The Paris Agreement of COP21 set a goal of holding global average temperature increases to below 2 °C above pre-industrial levels and to pursue efforts to limit the temperature increase to 1.5 °C. This is particularly relevant for the African context where temperatures are likely to warm faster than the global average and where the magnitude of change will be regionally heterogeneous. Additionally, many biogeophysical and socioeconomic systems are particularly vulnerable to change in both means and extremes.

This study, conducted by the USAID-funded Climate Information Services Research Initiative (CISRI), is designed to contribute to the operationalization of Niger's National Framework for Climate Services, known as the Cadre National pour les Services Climatologiques, by filling knowledge gaps related to climate information services (CIS) end user

Antimicrobial resistance (AMR) is propagated by irrational use of antibiotics by healthcare practitioners and the uninformed public. This study assessed a select cohort of 504 urban Indians for their knowledge, awareness and practice of antibiotic use and AMR. Forty seven per cent were unaware of the differences between over-the-counter drugs and antibiotics. One in four believes that dose-skipping does not contribute to AMR. One in ten tends to selfmedicate. One in five bought medicines without prescription or started an antibiotic course by calling a doctor.

Judgement of the Supreme Court of India in the matter of Kalpana Mehta & Others Vs Union of India & Others dated 09/05/2018 on whether a Parliamentary Standing Committee (PSC) report can be placed reliance upon for adjudication of a fact in issue and also for what other purposes it can be taken aid of.

The main points of the judgement are the following:

There is limited experience in India of using mobile phones for sexual and reproductive health services, including family planning, in rural areas where service coverage is still insufficient and accurate information is lacking. Information and integral support can be provided by leveraging mobile health (mHealth) services, but issues of privacy and gender sensitivity are crucial for its success.

West Africa is a very vulnerable part of the world to the impacts of climate change due to a combination of exposure and low adaptive capacity. Climate change has induced an increase in rainfall variability which in turn has affected the availability of water resources, ecosystem services and agricultural production. To adapt to the increased aridity, farmers have used indigenous and modern coping strategies such as soil and water conservation techniques, the use of drought-tolerant crops and varieties, crop diversification, etc., and lately, climate information services (CIS).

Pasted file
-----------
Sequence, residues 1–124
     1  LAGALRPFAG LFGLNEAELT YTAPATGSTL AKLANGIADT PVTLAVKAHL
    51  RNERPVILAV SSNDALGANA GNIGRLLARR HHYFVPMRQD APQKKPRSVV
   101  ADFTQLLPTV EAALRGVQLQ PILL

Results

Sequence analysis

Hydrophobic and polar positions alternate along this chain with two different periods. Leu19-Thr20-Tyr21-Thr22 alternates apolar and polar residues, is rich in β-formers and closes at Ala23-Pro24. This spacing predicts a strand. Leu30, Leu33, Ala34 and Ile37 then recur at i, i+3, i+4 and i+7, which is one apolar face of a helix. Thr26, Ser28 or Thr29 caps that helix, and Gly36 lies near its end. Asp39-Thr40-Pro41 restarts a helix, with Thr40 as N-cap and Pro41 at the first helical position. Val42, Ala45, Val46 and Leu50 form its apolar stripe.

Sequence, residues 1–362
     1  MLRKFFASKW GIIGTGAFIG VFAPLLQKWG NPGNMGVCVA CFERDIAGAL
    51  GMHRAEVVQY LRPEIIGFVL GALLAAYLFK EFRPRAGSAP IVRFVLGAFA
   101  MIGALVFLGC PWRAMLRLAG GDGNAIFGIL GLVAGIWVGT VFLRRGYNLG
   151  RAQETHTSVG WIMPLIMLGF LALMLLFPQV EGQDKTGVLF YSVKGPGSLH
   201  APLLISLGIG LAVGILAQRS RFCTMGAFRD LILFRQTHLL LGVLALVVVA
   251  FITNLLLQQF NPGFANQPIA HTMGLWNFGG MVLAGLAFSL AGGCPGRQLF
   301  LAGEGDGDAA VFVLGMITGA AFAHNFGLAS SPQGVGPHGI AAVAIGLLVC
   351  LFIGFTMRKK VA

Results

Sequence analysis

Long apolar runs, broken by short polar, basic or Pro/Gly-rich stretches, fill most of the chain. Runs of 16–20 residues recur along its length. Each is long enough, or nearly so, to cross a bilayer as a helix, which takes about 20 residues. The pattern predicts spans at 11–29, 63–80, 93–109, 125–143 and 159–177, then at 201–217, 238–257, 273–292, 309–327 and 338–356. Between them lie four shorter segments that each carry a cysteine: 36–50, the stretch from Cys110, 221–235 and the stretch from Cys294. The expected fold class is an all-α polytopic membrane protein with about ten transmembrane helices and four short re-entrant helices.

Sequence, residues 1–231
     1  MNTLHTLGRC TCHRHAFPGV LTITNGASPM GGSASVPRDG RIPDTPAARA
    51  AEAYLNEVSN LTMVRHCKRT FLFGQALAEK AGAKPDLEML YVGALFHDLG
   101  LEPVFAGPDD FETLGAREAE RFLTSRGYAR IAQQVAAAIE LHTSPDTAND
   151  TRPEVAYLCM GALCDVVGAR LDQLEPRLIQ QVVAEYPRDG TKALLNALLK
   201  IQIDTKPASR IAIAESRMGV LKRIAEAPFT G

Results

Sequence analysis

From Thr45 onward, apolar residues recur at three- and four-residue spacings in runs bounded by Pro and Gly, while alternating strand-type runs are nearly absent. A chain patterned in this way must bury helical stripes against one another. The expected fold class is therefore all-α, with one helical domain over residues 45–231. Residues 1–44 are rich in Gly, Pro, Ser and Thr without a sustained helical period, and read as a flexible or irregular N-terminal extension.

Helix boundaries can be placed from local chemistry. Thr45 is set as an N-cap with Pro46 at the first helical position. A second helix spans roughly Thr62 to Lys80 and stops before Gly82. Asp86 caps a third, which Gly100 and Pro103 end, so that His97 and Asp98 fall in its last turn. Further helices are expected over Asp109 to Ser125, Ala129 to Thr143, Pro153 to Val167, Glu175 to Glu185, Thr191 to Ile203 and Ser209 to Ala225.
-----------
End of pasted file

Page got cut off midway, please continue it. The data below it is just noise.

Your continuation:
Community-led total sanitation (CLTS) is a widely applied rural behavior change approach for ending open defecation. However, evidence of its impact is unclear. Researchers conducted a systematic review of journal-published and gray literature to a) assess evidence quality, b) summarize CLTS impacts, and c) identify factors affecting implementation and effectiveness.

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A parliamentary committee suggested that the government should come out with a legislation on data privacy at the earliest, as the country moves towards digitalisation of economy.

Mobile technologies could help to improve service delivery to smallholder farmers, but whether such services are fulfilling their potential remains poorly understood. To address this gap, this article presents an exploratory literature review regarding the impact of mobile phone-enabled services on farmers in developing countries. The review highlights a dearth of empirical evidence in this area. Findings suggest that farmers benefited through improvements in production planning, management of weather-related risks, and greater ease in receiving money.

Within South Asia, efforts to develop agricultural climate services under CSRD are led by the International Maize and Wheat Improvement Center (CIMMYT). CSRD supports the agricultural climate services track described in the Investment Options Paper (IOP) for CSRD in Bangladesh, compiled by the Asian Development Bank (ADB) in 2016.

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